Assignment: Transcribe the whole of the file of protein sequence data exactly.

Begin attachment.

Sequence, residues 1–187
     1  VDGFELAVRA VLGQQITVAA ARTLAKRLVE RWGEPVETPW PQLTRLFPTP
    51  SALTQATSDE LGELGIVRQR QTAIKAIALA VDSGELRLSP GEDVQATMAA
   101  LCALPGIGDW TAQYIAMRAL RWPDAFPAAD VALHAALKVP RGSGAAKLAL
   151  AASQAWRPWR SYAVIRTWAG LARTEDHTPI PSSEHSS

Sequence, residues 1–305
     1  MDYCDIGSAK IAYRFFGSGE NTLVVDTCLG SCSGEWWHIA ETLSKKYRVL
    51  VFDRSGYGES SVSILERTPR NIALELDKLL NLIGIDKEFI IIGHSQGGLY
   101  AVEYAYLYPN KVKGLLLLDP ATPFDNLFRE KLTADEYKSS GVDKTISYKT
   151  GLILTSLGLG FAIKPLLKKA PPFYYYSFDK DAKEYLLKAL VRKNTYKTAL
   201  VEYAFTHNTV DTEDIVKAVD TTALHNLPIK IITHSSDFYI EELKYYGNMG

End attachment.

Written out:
Sequence, residues 1–187
     1  VDGFELAVRA VLGQQITVAA ARTLAKRLVE RWGEPVETPW PQLTRLFPTP
    51  SALTQATSDE LGELGIVRQR QTAIKAIALA VDSGELRLSP GEDVQATMAA
   101  LCALPGIGDW TAQYIAMRAL RWPDAFPAAD VALHAALKVP RGSGAAKLAL
   151  AASQAWRPWR SYAVIRTWAG LARTEDHTPI PSSEHSS

Sequence, residues 1–305
     1  MDYCDIGSAK IAYRFFGSGE NTLVVDTCLG SCSGEWWHIA ETLSKKYRVL
    51  VFDRSGYGES SVSILERTPR NIALELDKLL NLIGIDKEFI IIGHSQGGLY
   101  AVEYAYLYPN KVKGLLLLDP ATPFDNLFRE KLTADEYKSS GVDKTISYKT
   151  GLILTSLGLG FAIKPLLKKA PPFYYYSFDK DAKEYLLKAL VRKNTYKTAL
   201  VEYAFTHNTV DTEDIVKAVD TTALHNLPIK IITHSSDFYI EELKYYGNMG